• From his book Side Effects, p. 15. The full quote is "It seemed the world was divided into good and bad people. The good ones slept better, Cloquet thought, while the bad ones seemed to enjoy the waking hours much more." Hypnosifl 07:35, 16 January 2012 (UTC)
  • Life doesn't imitate art, it imitates bad television.
    • A bunch of sources say it's from his movie Husbands and Wives. Hypnosifl 07:38, 16 January 2012 (UTC)
  • Life is like a concentration camp... you can't leave without dying.
    • Can't find any evidence that he said "you can't leave without dying" but on p. 46 of Woody Allen: Interviews (in "An Interview With Woody" by Frank Rich, Time, 30 April 1979) he does say "There's a speech I had to get out of Manhattan and plan to get into the next film, where my character says that the metaphor for life is a concentration camp. I do believe that. The real question in life is how one copes in that crisis. I just hope I'm never tested, because I'm very pessimistic about how I would respond. I worry that I tend to moralize, as opposed to being moral." Also, p. 40 of Jewish Humor quotes him saying "Life is a concentration camp. You're stuck here and there's no way out, and you can only rage impotently against your persecutors." A slightly different version of the quote, "Life is like a concentration camp. You're stuck here and there's no way out. You can only rage impotently against your persecutors" appears in Planks of Reason, p. 101, and the footnote indicates it's from "Woody Allen Wipes the Smile Off His Face" by Frank Rich, Esquire, May 1977. Hypnosifl 08:00, 16 January 2012 (UTC)
  • Love is the answer, but while you're waiting for the answer, sex raises some pretty interesting questions.
    • The earliest version I could find was in an extra section titled "Quotations According to Woody Allen" which is attached to the New York Times article "Everything You Wanted to Know About Woody Allen at 40" by Mel Gusso, 1 December 1975. The snippet there gives the quote as "Love is the answer. But while you're waiting for the answer, sex raises some pretty good questions." Only problem with this source is that the article writers were probably just collecting good Allen quotes from other sources rather than reporting things he said to them. Hypnosifl 08:19, 16 January 2012 (UTC)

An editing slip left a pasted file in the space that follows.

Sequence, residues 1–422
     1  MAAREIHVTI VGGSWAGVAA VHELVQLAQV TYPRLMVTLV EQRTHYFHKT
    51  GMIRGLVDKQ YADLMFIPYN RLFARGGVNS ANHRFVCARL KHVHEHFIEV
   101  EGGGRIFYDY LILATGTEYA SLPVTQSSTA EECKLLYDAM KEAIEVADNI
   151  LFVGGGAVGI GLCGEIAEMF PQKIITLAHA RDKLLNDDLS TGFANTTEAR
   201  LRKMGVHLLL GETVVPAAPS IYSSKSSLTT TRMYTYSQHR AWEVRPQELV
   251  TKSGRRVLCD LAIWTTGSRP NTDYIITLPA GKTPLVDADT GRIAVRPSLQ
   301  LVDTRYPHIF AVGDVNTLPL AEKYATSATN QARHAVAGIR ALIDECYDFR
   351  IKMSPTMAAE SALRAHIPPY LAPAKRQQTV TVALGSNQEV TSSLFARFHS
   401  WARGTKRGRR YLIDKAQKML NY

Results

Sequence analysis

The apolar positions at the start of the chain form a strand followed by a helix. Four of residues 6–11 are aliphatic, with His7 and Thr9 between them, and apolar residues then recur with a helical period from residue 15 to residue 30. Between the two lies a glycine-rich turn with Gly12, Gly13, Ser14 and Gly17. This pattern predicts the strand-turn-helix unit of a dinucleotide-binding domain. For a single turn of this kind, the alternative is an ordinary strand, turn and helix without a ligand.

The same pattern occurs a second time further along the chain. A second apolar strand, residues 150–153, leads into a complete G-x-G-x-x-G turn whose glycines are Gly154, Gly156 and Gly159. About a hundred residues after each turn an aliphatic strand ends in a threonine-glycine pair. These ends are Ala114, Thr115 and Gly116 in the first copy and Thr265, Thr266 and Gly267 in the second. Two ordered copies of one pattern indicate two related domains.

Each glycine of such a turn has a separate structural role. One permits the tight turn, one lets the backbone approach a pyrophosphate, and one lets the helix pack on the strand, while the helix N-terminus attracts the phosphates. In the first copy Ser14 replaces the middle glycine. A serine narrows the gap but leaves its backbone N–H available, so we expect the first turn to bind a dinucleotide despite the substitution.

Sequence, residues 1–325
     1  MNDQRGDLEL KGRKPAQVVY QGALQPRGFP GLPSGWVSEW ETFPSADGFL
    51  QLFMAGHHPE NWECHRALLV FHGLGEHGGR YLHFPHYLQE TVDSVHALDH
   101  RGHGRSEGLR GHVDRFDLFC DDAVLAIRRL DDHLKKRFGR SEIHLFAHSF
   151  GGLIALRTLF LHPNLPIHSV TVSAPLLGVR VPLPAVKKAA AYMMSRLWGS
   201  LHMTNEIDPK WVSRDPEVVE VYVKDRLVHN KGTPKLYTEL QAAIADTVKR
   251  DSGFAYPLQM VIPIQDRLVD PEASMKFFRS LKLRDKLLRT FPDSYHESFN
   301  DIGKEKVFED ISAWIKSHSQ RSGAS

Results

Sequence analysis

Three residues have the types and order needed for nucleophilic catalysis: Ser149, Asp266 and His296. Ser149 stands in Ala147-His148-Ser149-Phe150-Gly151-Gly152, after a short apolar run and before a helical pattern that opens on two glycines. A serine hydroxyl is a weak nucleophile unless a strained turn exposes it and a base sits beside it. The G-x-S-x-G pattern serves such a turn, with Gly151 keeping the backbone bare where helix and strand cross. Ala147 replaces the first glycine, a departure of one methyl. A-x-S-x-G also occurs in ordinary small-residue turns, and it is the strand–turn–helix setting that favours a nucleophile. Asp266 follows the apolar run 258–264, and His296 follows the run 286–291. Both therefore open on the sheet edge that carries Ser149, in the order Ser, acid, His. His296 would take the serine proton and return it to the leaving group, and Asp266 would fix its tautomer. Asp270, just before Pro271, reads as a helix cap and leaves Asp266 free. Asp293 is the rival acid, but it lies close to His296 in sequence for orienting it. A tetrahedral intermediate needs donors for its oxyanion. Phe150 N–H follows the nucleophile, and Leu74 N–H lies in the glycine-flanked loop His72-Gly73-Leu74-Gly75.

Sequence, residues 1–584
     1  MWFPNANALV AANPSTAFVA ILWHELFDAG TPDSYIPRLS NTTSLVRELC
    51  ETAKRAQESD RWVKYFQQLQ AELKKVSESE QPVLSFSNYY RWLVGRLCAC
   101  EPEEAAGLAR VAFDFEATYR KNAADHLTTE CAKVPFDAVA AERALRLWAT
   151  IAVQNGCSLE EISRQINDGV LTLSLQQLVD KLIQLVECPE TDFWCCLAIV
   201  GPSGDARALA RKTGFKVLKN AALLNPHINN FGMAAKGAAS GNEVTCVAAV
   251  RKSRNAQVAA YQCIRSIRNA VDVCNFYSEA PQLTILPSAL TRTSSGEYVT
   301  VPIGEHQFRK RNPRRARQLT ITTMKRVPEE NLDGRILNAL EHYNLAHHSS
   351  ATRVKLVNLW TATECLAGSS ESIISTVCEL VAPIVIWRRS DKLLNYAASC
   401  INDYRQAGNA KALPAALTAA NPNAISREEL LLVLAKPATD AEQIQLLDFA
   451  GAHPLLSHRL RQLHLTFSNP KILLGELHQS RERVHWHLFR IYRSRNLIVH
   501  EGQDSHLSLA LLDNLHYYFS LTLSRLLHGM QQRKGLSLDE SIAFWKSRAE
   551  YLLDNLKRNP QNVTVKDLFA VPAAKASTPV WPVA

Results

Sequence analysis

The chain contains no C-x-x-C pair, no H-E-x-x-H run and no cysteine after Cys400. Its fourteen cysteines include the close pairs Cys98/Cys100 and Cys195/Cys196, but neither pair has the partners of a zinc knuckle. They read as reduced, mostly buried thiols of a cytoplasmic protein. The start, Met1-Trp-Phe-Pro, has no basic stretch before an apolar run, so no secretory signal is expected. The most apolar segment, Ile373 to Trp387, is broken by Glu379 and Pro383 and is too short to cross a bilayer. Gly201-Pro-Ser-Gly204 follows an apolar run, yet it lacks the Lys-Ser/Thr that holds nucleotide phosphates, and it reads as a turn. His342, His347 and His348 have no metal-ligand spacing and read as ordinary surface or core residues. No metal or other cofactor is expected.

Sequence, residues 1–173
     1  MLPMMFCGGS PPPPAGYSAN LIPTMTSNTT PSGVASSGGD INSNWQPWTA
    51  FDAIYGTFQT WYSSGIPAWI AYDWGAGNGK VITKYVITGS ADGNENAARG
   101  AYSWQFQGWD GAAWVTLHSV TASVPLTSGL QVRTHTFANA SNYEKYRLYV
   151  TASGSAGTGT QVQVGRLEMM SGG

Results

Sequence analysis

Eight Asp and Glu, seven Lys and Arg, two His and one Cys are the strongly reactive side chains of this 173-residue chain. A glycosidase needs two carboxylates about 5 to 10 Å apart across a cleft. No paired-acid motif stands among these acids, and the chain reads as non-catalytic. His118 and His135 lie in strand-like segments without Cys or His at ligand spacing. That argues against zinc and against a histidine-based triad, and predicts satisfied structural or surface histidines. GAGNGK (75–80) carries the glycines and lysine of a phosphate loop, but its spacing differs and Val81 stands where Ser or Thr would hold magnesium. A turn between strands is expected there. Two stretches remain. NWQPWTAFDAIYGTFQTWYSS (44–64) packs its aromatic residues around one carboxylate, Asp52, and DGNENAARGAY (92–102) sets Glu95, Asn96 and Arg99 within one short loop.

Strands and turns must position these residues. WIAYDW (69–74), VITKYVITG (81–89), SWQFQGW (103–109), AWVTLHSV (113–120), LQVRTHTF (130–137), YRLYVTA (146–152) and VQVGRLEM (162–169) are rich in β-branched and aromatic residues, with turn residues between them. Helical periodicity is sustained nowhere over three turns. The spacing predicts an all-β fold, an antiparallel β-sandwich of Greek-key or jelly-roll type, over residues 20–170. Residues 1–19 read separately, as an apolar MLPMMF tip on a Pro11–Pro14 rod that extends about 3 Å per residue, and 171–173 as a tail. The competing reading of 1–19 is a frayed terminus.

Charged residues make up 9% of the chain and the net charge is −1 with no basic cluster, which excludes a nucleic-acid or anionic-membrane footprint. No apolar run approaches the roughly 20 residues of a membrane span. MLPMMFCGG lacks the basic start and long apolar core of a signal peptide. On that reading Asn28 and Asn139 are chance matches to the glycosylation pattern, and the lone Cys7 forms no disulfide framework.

• Never mind that last sentence, the writer of the article probably did get the quotes directly from Woody Allen since the intro says "At 40, Mr. Allen commented on some favorite subjects, including love and death." (and the main article is about him turning 40). Hypnosifl 15:34, 10 February 2012 (UTC)
  • Most of the time I don't have much fun. The rest of the time I don't have any fun at all.
    • Appears in Woody Allen: Clown Prince of American Humor (1976), p. 4. Not clear if the author heard it directly from Allen or not. Hypnosifl 08:23, 16 January 2012 (UTC)
  • My luck is getting worse and worse. Last night, for instance, I was mugged by a Quaker.
    • Only 4 hits on google books for "mugged by a quaker" and "woody allen" neither of which give an original source, but several sources say the movie Sleeper featured the line "I'm not the heroic type, really. I was beaten up by quakers." Hypnosifl 09:05, 16 January 2012 (UTC)
  • My one regret in life is that I am not someone else.
    • According to The Oxford Dictionary of American Quotations, p. 576, it's from the epigraph to Eric Lax's 1975 book Woody Allen and His Comedy. Hypnosifl 09:08, 16 January 2012 (UTC)
  • On the plus side, death is one of the few things that can be done just as easily lying down.
    • According to The Oxford Dictionary of American Quotations, p. 183, it's from his book Without Feathers in a section called "The Early Essays", and on google books it does appear in this snippet from p. 102. Hypnosifl 09:12, 16 January 2012 (UTC)